So, curious, I turned it around. I begged of myself with the same fervor,
“Beth, HONEY! Look around you! Look how many gifts you’re refusing right now. WHY? Why can’t you just receive what this moment is trying to offer you?”
Wow. Um, well…I’d have to think about it.
Over the past few weeks, I’ve done just that. I’ve been hyper-aware of my mood, in-tuned with my joy (or lack thereof) and taking notes, searching for patterns and consistencies. What I’ve found are a remarkably small number of “thieves” robbing me right out from under my awareness:
Unmet Basic Needs
No big surprise. Same repeat offenders as usual.
So if I’ve been onto these guys for a while now and already knew they were trouble, what made that moment feel so big?
What I suddenly realized was just how much control I really do have, not over fear as an abstract, widespread, love-countering concept, but over its ability to steal my joy in this moment.
How consistent and abundant the gifts really are, and how the only real variable is my receptiveness.
That as much as I’ve craved joy and sought peace and lusted after fulfillment, just like the beach and the sand and the waves that day, they have always been here, waiting for me to quit freaking out and notice.
Alright, so I can’t promise I’m over all my childish ways, but the following process has proven pretty powerful over the past couple of weeks.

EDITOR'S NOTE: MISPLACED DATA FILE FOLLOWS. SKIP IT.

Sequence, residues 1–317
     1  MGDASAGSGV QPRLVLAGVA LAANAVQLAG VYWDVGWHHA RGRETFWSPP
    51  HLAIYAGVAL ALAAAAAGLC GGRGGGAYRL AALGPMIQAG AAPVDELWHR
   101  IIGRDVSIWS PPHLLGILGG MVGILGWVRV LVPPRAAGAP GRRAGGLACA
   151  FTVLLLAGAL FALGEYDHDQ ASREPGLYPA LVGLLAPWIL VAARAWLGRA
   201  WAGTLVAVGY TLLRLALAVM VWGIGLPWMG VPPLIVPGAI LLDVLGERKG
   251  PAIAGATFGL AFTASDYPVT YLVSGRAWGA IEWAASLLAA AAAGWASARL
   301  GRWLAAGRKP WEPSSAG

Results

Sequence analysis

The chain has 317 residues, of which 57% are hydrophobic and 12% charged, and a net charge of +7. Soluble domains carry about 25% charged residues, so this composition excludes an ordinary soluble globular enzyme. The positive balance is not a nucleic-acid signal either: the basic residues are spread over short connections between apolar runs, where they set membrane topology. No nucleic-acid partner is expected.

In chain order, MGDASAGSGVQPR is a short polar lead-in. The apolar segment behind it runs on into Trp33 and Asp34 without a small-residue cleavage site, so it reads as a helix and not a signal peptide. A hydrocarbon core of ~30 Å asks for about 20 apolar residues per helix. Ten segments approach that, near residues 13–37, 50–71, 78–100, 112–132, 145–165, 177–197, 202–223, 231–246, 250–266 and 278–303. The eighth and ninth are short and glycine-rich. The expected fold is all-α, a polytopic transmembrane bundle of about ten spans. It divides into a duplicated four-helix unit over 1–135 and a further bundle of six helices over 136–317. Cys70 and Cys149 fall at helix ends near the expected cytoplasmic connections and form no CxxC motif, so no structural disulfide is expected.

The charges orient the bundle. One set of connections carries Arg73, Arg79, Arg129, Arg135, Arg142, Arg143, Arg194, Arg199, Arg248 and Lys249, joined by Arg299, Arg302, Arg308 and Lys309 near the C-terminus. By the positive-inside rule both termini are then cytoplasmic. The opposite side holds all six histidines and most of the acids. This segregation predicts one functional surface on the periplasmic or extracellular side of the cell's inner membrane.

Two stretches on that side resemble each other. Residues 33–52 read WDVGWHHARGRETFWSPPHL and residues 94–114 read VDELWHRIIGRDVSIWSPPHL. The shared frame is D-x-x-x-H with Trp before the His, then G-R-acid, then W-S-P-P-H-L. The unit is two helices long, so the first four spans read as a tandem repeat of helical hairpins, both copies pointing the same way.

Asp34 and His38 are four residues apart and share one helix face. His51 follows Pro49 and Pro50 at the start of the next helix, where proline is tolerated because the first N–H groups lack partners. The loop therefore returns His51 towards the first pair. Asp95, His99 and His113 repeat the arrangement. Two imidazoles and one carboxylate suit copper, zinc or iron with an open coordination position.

4 Steps for Making the Most of This Moment:
- Remember that the gifts are always available.
- Decide you are worthy of receiving them.
- Ask yourself what factors are preventing you from receiving what’s being offered.
- Open your mind and heart to let them in.
It seems each step might present challenges as unique as every individual, and that our ease with one vs. another will change as we grow. Until recently, the heart-opening part has been a real challenge for me, though it now seems to be the place where the magic happens: the difference between reasoning my way to joy and feeling my way.
And when I get there?
When instead of wallowing in my fear of inadequacy after two days of fruitless writing, I hop on my bike, let the thoughts come and go as they will and “accomplish” more in an hour than two days combined?
When instead of judging the mama feeding her baby Coca-Cola in a bottle, I make eye contact, offer a smile, and share an unspoken understanding of just how beautiful-difficult it all is?
When I slow down enough to realize my kid is dawdling because she can’t help but notice the gifts, whether a broken-legged beetle or a flock of yellow-bellied birds or a tune in the hum of a diesel engine?